Review: Parable of the Sower

Review: Parable of the SowerParable of the Sower by Octavia E. Butler
Series: Earthseed #1
Published by Warner Books on November 1, 1993
Genres: Dystopian, Post-Apocalyptic
Pages: 345
Format: Paperback
Source: Library
Goodreads
two-stars

Octavia E. Butler, the grande dame of science fiction, writes extraordinary, inspirational stories of ordinary people. Parable of the Sower is a hopeful tale set in a dystopian future United States of walled cities, disease, fires, and madness. Lauren Olamina is an 18-year-old woman with hyperempathy syndrome--if she sees another in pain, she feels their pain as acutely as if it were real. When her relatively safe neighborhood enclave is inevitably destroyed, along with her family and dreams for the future, Lauren grabs a backpack full of supplies and begins a journey north. Along the way, she recruits fellow refugees to her embryonic faith, Earthseed, the prime tenet of which is that "God is change." This is a great book--simple and elegant, with enough message to make you think, but not so much that you feel preached to.

Unfortunately, much of this book was lost on me. I feel somewhat unqualified to make a judgment of its quality overall, given my own deficiencies which definitely colored my view of Parable of the Sower. I have never been religious and attended public school for most of my K-12 education, so I do not have much of a biblical foundation. I know the big stories, but a lot of the smaller, but still important, references go way over my head. This book is steeped in biblical references, which I cannot appreciate. Keep this in mind when choosing to read thisbook.

The dystopian future presented is truly terrifying. The environment has been totally screwed up; global warming definitely seems to be an aspect of that. Water is disappearing and rain is incredibly rare. What water there is tends to be polluted. Inflation runs rampant; a pair of boots (average ones, although in decent condition, but still used) are worth $1,ooo. Some are very wealthy, but most people can only get money by stealing, especially since jobs are nigh impossible to find. Because of the cost and danger of life, the nuclear family is a thing of the past and people now live with extended families. Of course, birth control is now rare and expensive, so even more children are being born, which exacerbates the problems. Even the ‘safe’ areas are so perilous that almost everyone who can afford to owns at least one gun. A drug called pyro, which makes watching flames dance feel better than sex, is circulating wildly and so are the fires which these addicts are setting. People flood north on foot, having heard rumors that things are better up there, where food and water are easier to come by, but this may be rumor alone. The hard economic times have also brought an end to protection for workers, so slavery has returned in many places.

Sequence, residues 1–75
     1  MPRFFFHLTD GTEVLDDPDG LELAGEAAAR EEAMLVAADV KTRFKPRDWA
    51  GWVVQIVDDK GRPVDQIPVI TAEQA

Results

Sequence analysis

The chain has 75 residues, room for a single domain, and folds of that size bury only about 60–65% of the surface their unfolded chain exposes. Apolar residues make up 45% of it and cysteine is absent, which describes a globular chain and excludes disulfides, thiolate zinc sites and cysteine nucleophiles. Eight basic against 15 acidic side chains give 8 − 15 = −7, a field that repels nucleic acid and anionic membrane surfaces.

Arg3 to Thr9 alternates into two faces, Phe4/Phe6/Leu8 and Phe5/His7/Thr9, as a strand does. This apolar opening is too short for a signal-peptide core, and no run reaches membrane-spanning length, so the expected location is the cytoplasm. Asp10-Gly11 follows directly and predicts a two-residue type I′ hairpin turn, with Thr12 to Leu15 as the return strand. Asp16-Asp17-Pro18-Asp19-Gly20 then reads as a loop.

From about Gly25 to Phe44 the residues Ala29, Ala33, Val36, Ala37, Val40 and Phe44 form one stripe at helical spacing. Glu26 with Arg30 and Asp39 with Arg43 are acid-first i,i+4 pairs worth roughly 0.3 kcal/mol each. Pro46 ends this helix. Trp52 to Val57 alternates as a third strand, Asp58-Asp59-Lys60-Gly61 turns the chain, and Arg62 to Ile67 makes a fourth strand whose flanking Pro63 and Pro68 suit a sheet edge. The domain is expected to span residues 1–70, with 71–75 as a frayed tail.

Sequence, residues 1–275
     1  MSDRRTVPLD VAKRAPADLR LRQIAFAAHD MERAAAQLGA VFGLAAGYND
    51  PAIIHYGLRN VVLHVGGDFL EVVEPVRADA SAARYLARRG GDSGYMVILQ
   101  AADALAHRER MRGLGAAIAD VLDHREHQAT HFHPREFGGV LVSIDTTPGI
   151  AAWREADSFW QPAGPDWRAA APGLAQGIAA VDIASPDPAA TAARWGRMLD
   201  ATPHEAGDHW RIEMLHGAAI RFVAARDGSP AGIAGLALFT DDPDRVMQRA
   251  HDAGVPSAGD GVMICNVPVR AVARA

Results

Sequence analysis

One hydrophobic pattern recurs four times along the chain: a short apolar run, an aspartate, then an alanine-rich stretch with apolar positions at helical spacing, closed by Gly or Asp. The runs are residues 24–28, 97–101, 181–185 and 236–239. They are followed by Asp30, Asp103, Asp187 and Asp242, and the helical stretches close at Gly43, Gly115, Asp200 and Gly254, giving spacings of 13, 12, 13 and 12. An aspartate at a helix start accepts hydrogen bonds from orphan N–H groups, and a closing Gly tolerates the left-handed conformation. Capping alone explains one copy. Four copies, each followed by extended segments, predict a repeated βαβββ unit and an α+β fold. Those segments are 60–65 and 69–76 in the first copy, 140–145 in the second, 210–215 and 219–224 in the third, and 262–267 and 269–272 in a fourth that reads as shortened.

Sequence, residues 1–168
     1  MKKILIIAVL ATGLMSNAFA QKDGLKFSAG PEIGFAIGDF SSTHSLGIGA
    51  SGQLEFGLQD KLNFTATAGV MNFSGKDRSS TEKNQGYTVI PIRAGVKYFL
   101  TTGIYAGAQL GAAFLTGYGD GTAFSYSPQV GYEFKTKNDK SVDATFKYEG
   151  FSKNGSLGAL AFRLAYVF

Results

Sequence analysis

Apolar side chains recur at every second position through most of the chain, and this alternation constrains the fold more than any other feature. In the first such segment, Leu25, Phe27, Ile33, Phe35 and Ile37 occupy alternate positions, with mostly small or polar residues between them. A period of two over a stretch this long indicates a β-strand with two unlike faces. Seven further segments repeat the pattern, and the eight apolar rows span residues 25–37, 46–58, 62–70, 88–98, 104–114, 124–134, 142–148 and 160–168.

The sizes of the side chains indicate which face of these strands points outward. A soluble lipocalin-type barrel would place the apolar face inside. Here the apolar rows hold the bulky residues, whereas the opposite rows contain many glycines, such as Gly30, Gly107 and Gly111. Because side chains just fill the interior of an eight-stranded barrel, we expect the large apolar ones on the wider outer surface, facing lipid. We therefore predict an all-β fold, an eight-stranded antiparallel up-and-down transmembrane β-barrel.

The other thing I feel compelled to comment on is that Lauren Olamina, because of her mother’s drug addiction during pregnancy, is a sharer. What this means is that she feels other people’s pain. As a child, she would even begin bleeding when someone else was. This is, I believe, intended to make her somewhat Christ-like, because she is suffering other people’s pain and also to give her the motivation to make life better for everyone, not just herself. The idea of a sharer is cool, but, again, I think my lack of biblical awareness may lessen my understanding of the intended implications.

I recommend this to dystopia fans primarily, but reiterate that it will be less enjoyable without a firm knowledge of the Christian religion.

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